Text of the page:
Never forget, rock’n’roll was invented by a queer black woman

Kate Streader in Beat:

Sister Rosetta Tharpe is a name that – despite her recent induction into the Rock and Roll Hall of Fame in 2017 – is still widely unknown considering the invaluable influence she had on the generations of rock’n’roll acts which followed in her wake.

When we think of rock’n’roll in a historical sense, we think of men like Elvis Presley, Little Richard, Johnny Cash and Chuck Berry as getting the ball rolling, and later the likes of all-male bands such as The Rolling Stones and Led Zeppelin cementing the force of the genre which has echoed through the generations since.

However, it was Sister Rosetta Tharpe who inspired the men we associate as revolutionising the music scene and birthing rock’n’roll.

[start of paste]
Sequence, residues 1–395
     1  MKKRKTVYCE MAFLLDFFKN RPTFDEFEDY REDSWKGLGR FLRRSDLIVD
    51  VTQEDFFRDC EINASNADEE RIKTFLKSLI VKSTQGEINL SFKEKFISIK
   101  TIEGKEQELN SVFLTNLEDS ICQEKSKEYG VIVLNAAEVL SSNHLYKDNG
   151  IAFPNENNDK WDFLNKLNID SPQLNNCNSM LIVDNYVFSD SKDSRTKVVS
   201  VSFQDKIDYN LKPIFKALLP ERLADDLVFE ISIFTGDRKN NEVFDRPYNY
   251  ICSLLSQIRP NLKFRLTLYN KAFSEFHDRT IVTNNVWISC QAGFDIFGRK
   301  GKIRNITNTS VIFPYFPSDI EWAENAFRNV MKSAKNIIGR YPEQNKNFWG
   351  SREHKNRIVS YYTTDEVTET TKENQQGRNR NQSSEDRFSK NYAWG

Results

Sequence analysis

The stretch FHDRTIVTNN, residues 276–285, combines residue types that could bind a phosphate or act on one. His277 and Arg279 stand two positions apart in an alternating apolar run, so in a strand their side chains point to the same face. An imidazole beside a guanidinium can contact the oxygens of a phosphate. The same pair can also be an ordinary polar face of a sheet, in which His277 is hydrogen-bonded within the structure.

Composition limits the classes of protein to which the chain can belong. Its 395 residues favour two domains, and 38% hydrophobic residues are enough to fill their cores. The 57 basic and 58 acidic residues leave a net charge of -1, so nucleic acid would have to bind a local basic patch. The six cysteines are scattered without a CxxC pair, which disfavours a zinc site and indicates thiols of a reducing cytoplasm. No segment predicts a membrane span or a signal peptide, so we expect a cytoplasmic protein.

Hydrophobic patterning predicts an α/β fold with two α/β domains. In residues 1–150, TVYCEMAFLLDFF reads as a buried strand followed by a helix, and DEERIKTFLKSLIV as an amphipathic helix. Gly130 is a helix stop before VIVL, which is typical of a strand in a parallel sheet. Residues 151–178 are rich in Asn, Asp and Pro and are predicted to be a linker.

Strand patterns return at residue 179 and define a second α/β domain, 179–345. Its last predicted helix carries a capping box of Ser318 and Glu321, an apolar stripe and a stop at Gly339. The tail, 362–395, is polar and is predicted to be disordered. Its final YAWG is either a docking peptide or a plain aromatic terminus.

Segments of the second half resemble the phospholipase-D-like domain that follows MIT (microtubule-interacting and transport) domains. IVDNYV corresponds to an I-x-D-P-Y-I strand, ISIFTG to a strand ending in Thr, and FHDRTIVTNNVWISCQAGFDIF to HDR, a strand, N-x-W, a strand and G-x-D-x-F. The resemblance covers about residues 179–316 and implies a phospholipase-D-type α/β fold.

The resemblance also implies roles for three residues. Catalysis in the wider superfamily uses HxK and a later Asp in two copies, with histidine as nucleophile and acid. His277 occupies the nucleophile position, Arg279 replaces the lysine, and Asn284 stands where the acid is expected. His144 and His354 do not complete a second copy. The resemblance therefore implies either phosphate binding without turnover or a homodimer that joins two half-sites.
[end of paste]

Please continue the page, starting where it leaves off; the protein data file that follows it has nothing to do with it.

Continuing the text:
Born in 1915 in Cotton Plant, Arkansas, Sister Rosetta Tharpe – born Rosetta Nubin – began playing guitar at the age of four before progressing to performing alongside her mother’s evangelist group The Church of God and Christ in churches across the South two years later.

Though these beginnings formed the foundations for the role she would eventually play in transforming the sounds of many iconic artists come, it was her move to Chicago which served as the most influential factor in Tharpe’s sound.

The urban environment and its rich musical culture influenced the young prodigy who would soon follow her musical ambitions across the country again, this time relocating to New York City to perform by the time she reached 20.

More here.